Poverty, Malnutrition, Education–and Soybeans

A few posts ago, we were unto the pedagogy of poverty, the effects of malnutrition on the quality of education and educational reforms and why soybeans, if propagated domestically and integrated into the Filipino diet may yet be the difference-maker for an entire nation–and then we have the following one-paragraph article full of statistics and grim numbers to prove that half the nation is mired in poverty:

SWS:  Half of Filipino families say they are poor
ABS-CBN – Wednesday, August 5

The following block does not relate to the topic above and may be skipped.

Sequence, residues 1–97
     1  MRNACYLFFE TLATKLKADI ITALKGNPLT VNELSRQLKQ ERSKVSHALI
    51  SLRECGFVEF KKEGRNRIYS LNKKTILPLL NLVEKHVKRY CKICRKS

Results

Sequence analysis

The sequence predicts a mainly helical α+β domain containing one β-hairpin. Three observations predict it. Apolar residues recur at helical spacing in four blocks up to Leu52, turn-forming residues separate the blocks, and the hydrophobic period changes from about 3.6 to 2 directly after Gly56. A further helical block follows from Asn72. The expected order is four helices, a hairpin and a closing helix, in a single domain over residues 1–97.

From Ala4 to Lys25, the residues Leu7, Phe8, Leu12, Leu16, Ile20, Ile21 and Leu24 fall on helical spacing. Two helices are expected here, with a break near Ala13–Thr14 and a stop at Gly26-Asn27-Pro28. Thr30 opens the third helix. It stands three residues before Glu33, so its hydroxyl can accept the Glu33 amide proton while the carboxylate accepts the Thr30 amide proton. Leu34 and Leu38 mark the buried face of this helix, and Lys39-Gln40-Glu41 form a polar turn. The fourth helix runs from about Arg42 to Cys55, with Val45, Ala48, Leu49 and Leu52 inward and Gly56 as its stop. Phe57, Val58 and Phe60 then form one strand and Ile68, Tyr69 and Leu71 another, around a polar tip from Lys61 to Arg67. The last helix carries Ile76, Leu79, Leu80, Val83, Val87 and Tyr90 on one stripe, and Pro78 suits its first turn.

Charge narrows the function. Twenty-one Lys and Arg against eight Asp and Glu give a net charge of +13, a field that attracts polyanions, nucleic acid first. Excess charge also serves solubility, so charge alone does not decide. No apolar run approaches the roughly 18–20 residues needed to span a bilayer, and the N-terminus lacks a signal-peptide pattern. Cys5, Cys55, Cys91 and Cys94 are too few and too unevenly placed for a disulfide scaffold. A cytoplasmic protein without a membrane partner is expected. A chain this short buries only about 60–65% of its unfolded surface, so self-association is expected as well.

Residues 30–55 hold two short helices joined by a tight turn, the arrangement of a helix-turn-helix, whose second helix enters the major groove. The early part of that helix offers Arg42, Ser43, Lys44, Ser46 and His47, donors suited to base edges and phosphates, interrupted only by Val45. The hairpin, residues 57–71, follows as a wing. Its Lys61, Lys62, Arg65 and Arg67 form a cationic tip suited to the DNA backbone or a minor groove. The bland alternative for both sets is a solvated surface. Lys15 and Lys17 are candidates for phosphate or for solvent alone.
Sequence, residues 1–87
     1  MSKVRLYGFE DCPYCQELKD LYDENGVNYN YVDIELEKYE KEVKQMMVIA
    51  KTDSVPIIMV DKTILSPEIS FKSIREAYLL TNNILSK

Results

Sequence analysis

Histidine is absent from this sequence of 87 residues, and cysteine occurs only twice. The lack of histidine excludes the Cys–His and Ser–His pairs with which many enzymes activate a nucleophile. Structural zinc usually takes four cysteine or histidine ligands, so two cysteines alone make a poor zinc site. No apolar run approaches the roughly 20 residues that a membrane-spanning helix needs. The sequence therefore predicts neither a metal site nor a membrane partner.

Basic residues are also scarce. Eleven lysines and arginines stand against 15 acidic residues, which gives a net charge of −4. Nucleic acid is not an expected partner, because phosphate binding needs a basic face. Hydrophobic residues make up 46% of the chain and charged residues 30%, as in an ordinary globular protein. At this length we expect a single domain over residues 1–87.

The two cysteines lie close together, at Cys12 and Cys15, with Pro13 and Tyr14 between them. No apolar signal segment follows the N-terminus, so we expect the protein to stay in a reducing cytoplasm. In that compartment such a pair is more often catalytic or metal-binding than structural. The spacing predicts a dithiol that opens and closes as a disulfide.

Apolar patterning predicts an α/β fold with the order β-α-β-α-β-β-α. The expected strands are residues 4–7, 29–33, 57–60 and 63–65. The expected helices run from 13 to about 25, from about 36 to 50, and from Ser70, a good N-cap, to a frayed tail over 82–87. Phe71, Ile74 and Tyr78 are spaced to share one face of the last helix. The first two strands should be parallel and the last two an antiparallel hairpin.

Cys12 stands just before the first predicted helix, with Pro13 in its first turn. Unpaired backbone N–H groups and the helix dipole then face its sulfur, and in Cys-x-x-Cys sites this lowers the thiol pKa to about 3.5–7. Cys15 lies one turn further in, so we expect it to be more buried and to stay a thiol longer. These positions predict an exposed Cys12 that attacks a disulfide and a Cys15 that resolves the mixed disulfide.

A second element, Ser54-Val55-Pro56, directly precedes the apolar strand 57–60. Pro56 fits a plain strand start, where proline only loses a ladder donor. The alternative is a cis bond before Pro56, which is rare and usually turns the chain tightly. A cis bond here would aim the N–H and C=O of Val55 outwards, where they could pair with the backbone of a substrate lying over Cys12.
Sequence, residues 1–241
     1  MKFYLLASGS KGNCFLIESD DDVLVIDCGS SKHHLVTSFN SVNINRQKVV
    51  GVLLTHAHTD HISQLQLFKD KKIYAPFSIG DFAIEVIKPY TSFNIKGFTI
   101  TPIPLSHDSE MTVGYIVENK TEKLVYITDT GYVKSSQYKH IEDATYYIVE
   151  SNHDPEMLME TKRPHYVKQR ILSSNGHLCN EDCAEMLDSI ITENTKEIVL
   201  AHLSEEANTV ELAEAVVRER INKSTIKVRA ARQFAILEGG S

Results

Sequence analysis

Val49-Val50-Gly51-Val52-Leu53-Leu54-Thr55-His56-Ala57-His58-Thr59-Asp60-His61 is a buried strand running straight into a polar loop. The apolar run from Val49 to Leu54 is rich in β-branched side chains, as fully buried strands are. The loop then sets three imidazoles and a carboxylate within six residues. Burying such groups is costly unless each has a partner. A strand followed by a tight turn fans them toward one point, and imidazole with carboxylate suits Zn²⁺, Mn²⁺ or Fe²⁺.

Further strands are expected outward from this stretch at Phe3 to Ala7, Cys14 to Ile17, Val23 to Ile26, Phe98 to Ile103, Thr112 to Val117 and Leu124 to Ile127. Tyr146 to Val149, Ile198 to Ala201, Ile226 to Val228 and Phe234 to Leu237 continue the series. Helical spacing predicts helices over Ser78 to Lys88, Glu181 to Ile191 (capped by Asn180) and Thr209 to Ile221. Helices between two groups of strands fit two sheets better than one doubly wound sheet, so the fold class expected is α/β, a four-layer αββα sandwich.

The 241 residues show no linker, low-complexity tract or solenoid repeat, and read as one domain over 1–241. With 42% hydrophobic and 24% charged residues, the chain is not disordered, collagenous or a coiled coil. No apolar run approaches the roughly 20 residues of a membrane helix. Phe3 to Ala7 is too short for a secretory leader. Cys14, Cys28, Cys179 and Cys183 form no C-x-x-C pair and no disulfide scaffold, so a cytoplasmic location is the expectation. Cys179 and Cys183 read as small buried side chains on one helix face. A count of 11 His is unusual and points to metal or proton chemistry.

poorhouseMANILA – Half of Filipino families in the country believe they are poor while another 27 percent put themselves on the borderline, a new survey by research firm Social Weather Stations said Tuesday. The June 19-22 survey showed that an estimated 9.3 million Filipino families believe they are poor, compared to the 8.7 million recorded in February 2009. Self-rated poverty rose by 17 points in Mindanao from 45 percent in February to 62 percent in June. It also rose by two points in Balance Luzon from 42 percent to 44 percent. It dropped by seven points in Metro Manila and four points in the Visayas. It rose slightly from 43 percent to 44 percent in urban areas and from 53 percent to 58 percent in rural areas. SWS said the Self-Rated Poverty Threshold, or the monthly budget that poor households need in order not to consider themselves poor in general, remained sluggish for several years despite considerable inflation. “This indicates that poor families have been lowering their living standards, i.e., belt-tightening,” it said. As of June 2009, the median poverty threshold for poor households in Metro Manila stayed at P10,000, even though it had already reached as much as P15,000 several times in the past. “The National Capital Region median poverty threshold of P10,000 per month for June 2009 is equivalent to only P6,378 in base year 2000 purchasing power, after deflation by the CPI. The deflated poverty threshold for NCR of below P7,000 per month is a throw-back to living standards of over twenty years ago,” SWS said. For those in Mindanao, the median poverty threshold stayed at P5,000, though it had already been at P10,000 before.   The median poverty thresholds of poor households rose slightly to P8,000 in the Visayas, while it fell to P6,000 in Balance Luzon. In both areas, however, median poverty thresholds had already reached P10,000 in the past. Self-rated food poverty up The Second Quarter 2009 Social Weather Survey also found that 7.2 million families considered themselves as Food-Poor, 33 percent put themselves on the food-borderline while 28 percent consider themselves as not food-poor. SWS said the one-quarter rise in Self-Rated Food Poverty is also sharpest in Mindanao. It rose by 11 points, from 36 percent in February to 47 percent in June. The median food-poverty thresholds for poor households rose slightly to P5,000 in Metro Manila, while it stayed at 3,000 in Balance Luzon and Mindanao, and at P4,000 in the Visayas. These levels had already been reached several years ago. The Second Quarter of 2009 Social Weather Survey was conducted over June 19-22, 2009 using face-to-face interviews of 1,500 adults divided into random samples of 300 each in Metro Manila, Visayas, and Mindanao, and 600 in the Balance of Luzon.


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